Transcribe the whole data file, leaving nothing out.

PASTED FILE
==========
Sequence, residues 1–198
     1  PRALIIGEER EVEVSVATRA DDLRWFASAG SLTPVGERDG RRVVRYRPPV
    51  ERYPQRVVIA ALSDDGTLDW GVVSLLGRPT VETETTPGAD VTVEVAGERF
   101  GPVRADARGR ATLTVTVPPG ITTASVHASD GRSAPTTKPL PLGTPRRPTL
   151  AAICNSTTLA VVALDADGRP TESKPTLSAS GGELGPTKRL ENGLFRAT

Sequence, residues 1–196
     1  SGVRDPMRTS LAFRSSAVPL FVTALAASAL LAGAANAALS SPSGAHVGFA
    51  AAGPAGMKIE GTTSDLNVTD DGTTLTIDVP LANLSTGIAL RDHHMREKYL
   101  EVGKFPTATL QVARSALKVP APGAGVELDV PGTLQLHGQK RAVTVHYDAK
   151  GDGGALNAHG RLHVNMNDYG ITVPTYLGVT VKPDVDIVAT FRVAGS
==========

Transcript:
Sequence, residues 1–198
     1  PRALIIGEER EVEVSVATRA DDLRWFASAG SLTPVGERDG RRVVRYRPPV
    51  ERYPQRVVIA ALSDDGTLDW GVVSLLGRPT VETETTPGAD VTVEVAGERF
   101  GPVRADARGR ATLTVTVPPG ITTASVHASD GRSAPTTKPL PLGTPRRPTL
   151  AAICNSTTLA VVALDADGRP TESKPTLSAS GGELGPTKRL ENGLFRAT

Sequence, residues 1–196
     1  SGVRDPMRTS LAFRSSAVPL FVTALAASAL LAGAANAALS SPSGAHVGFA
    51  AAGPAGMKIE GTTSDLNVTD DGTTLTIDVP LANLSTGIAL RDHHMREKYL
   101  EVGKFPTATL QVARSALKVP APGAGVELDV PGTLQLHGQK RAVTVHYDAK
   151  GDGGALNAHG RLHVNMNDYG ITVPTYLGVT VKPDVDIVAT FRVAGS